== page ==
The first phase is characterised by either fear of outsourcing or a naïve belief in its efficacy before organisations move on to the early adopter phase where the best and worst practices emerge, coupled with a focus on costs.
He noted that it is typically in the third and fourth phase that companies have more success in their outsourcing experiences. In Phase 3, richer practices emerge, and there is a focus on quality. The fourth and final phase is when outsourcing is institutionalised, and the focus is on providing value-add.
“But the message here is be smart in your ignorance, don’t take on more than your organisation can manage. Build learning over time and build the supplier relationship,” added Willcocks.
While there are pitfalls to avoid, organisations should also consider some outsourcing success factors. The organisations that succeed with outsourcing do not overstretch themselves initially.
Another successful outsourcing practice is to be selective in what is outsourced. Willcocks suggests differentiating between core and non-core IT activities. Those that are competitive differentiators and are critical to business operations should be kept in-house, but the non-critical activities that a supplier can do cheaper, and have the scale or superior capability, should be outsourced.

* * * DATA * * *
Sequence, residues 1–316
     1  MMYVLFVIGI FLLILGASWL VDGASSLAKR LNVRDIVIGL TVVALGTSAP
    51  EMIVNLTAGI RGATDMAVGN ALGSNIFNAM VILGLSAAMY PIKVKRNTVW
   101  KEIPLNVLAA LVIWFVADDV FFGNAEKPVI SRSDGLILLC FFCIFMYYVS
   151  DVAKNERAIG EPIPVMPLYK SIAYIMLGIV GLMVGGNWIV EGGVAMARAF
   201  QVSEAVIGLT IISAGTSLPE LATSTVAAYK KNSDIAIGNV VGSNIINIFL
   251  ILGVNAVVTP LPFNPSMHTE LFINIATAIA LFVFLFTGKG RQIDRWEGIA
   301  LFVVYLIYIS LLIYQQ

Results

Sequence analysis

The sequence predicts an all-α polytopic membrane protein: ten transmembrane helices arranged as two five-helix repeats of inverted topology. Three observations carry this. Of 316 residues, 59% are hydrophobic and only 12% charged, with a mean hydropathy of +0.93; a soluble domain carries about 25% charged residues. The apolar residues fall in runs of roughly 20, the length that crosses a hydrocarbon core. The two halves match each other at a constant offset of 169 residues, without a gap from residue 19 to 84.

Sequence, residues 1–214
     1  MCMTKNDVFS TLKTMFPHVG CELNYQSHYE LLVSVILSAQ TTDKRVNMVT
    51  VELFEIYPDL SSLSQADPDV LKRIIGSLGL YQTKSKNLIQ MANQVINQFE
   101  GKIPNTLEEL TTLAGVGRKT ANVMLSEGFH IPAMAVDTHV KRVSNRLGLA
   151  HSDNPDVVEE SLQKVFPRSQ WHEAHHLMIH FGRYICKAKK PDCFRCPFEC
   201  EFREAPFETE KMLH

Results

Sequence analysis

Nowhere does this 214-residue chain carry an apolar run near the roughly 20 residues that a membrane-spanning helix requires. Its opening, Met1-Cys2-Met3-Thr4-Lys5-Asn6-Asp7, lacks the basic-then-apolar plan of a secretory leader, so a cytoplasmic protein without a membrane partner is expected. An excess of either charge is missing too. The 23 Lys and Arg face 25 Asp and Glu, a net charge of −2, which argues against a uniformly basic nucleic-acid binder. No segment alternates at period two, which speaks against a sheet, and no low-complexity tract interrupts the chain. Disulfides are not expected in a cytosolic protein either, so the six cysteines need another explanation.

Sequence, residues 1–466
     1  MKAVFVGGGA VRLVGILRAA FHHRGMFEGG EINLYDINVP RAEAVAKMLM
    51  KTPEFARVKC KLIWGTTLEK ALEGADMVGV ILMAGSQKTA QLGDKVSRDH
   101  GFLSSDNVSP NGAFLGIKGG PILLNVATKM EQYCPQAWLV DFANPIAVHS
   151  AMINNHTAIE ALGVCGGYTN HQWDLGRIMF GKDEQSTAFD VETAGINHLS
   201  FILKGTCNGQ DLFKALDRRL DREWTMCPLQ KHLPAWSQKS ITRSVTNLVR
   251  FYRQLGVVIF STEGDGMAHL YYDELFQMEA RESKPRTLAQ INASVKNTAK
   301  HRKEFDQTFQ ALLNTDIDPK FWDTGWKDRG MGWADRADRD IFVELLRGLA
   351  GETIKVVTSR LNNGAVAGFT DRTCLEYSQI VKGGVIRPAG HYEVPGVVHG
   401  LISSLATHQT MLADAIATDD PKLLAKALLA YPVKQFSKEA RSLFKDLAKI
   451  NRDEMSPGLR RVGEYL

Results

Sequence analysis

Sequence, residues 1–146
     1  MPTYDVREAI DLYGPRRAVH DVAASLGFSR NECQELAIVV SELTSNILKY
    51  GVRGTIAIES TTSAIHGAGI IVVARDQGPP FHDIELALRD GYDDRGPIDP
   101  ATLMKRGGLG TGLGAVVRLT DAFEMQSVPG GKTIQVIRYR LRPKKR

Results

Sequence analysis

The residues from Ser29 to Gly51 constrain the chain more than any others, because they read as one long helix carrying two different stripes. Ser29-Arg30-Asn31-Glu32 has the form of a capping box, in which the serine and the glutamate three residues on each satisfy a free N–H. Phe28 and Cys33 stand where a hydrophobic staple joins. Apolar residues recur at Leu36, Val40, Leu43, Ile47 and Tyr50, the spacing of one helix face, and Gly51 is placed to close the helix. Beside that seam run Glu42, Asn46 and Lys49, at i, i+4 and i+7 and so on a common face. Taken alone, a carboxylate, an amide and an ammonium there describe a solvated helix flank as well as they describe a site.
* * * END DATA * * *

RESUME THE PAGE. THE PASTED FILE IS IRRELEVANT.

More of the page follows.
Willcocks said companies that outsource IT projects should keep key skilled staff in-house or risk losing control over the projects.
One of the most common reasons why IT outsourcing deals fail is because the team managing the project lacks the right skills and experience.
Hence, clients need to build in-house governance structure and distinctive management capabilities to ensure the success of their outsourcing projects. Senior managers must identify and retain key skills and core competencies in their in-house teams to benefit from the relationship with their outsourcing supplier.
Besides the strong management skills, trust-based relationships between supplier and client are important. Studies have shown that relationships based on mutual trust where the communication is collaborative and open, where the relationship is viewed as a long-term one, are more likely to be successful. In contrast, the power-based relationship is less likely to be successful, and is marked by coercive and secretive communication, a blaming and manipulating conflict orientation, with a short-term gain perspective.
“The power-based relationship is likely to achieve limited objectives – with the client intent on wringing as much out of the contract as possible. In the end, you are likely to get something, but you won’t get anything like what a long-term, trust-based relationship can achieve,” commented Willcocks.
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